But of course, that is impossible if you don't have the answers.


advaitadas said…
Jagat -
Madhusudan, yourself, Radharaman, myself and Madhava all share the
same history - Iskcon-graduates who had a good look at the Gosvamis books, realized that Iskcon wasnt the real thing and then joined the Babajis, who,
instead of welcoming us, treated us as untouchable dogs. However wrong their treatment of us might have been, we still needed to have been humble and tolerant and we werent. From there our false egos told us we got a 'crisis of faith' whereas we were actually just kicked out. You and I are somehow lucky enough to be limping along
somewhat (funny btw that our crises of faith took place at the same time from 1985 to 1992), the others werent so lucky. I heard a lot of the same resentment from Madhava's mouth in his last days at Radhakund that I remember coming from Madhusudan, Radharaman and myself.
Vraja said…
Ya know Jagat, I used to think like you about people who were long time vaisnavas who had given it up back when I was still a fairly new bhakta. I used to think that the reasons they became devotees were similar in some way to the reasons that I did. Therefore even though they lost faith and became impersonalists, new age types, christians, atheists etc, that they still were somehow just running away from Radha Krishna for some reason or another, that they could, due to their devotional samskaras, take up vaisnavism again in the not too distant future.

I stopped believing that long ago. The mistake of my belief was thinking that what caused me to become a bhakta was some universal experience that all bhaktas had in common. Just like you talk about how the reason all bhaktas join isn't due to philosophy, it's due to the magic of harinam. Well, I was wrong, and you are wrong as well.

You had a mystical connection with harinam, as did I. But I didn't become a bhakta because of it. I became a bhakta because of philosophy, through the study of the Gita and the Bhagavatam I became convinced that I should take up bhakti yoga. I had mystic experiences, but those experiences didn't compel me to take up bhakti yoga, they just confirmed that god was real and that kirtan could give a mystical experience. But I could have ended up following some other religious path. What sold me on bhakti yoga was philosophy.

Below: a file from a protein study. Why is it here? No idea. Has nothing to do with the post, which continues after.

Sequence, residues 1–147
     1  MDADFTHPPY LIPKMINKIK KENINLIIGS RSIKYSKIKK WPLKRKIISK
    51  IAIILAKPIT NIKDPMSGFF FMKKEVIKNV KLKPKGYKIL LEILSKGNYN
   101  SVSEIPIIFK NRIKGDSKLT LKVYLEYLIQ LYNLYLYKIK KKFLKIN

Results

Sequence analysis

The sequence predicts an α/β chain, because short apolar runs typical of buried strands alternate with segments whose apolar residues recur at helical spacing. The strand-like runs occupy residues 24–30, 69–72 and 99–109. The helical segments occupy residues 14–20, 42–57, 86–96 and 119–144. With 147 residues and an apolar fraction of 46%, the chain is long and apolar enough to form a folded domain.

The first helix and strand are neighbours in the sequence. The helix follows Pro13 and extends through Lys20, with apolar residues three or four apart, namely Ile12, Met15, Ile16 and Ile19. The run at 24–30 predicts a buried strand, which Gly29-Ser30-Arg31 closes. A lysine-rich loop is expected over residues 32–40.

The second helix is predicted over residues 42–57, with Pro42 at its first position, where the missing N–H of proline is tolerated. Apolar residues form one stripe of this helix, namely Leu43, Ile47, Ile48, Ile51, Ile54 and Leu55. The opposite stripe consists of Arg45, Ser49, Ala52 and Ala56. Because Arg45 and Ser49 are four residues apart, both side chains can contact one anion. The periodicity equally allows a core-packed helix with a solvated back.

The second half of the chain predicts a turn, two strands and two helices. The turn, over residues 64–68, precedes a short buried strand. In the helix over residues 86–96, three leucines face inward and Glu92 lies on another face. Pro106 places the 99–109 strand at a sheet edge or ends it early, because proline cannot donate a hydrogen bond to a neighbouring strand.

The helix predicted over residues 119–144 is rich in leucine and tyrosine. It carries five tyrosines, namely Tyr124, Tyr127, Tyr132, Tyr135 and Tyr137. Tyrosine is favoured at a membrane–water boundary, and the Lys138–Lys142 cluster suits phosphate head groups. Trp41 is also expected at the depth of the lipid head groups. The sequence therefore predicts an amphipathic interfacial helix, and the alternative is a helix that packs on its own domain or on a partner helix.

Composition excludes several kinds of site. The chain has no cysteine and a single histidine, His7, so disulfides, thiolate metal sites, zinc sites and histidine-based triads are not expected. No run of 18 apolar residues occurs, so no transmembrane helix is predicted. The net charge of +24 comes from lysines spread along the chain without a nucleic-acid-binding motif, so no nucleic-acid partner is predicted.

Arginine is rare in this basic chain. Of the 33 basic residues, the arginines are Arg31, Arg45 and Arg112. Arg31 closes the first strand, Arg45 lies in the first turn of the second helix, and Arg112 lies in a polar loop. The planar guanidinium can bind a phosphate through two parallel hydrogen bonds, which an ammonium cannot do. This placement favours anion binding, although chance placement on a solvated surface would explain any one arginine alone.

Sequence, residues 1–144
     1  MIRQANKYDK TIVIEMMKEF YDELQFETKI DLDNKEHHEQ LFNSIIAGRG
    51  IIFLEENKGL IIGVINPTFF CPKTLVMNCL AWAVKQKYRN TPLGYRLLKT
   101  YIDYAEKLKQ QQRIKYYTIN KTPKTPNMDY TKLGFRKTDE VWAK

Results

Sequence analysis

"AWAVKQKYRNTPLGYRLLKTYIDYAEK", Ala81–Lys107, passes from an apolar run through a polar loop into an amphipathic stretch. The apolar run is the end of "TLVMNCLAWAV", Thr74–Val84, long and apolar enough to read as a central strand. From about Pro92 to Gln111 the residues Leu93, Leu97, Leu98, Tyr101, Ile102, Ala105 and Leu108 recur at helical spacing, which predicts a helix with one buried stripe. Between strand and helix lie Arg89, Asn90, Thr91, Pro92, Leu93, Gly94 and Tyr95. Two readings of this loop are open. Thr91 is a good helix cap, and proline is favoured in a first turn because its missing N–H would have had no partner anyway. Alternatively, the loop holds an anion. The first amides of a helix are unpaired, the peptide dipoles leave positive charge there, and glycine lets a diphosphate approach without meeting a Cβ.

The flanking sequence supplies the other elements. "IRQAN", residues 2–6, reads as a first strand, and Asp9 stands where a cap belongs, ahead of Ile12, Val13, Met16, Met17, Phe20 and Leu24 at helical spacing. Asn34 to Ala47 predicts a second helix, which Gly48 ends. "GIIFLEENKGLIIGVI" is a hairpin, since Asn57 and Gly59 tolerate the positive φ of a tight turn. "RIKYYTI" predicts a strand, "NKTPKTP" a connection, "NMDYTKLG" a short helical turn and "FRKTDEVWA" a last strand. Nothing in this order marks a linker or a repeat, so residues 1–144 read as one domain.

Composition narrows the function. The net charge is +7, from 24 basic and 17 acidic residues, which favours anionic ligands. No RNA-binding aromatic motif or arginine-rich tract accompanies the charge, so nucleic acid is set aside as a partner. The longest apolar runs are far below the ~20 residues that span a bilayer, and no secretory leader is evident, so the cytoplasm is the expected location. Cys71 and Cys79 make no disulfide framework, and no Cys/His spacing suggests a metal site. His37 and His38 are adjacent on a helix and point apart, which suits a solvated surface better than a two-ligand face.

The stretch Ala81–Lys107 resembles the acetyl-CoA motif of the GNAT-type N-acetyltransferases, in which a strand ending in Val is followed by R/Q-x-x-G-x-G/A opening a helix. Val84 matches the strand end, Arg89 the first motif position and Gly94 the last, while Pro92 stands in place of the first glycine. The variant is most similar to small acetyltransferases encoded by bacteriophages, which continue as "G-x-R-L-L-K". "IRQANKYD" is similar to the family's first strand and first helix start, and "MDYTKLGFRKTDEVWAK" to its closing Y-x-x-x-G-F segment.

For some 10 years I believed that all devotees had similar experiences which brought them to or kept them as vaisnavas. But it's not a fact. I have met quite a few hard core militant atheists who used to devotees, how can they be atheists if they ever had a real mystical experience, or deeply understood philosophy? How can they become impersonalists? The fact is that for many bhaktas they never really experienced a close connection with the truth of vaisnavism.

In reality people become bhatkas for various reasons. Some have mystical experiences of one type or another, others are convinced by philosophy, others are seeking some type of education in yoga, others are seeking power, others are seeking shelter and community. The reason so many people give it up is the same reason that so many children of devotees aren't devotees. They never really experienced what it takes to gain or keep faith.

This is why people like Madhavananda who externally may seem like advanced bhaktas (e.g. they are able to quote verses and teach the philosophy to some degree or another, though they never understand anything beyond the surface literal level) to so many, can just give it all up and reject god as a real person, or reject god totally. Internally they are just going through the motions in hope of gaining some experience or they have some other motive i.e. fame, followers etc.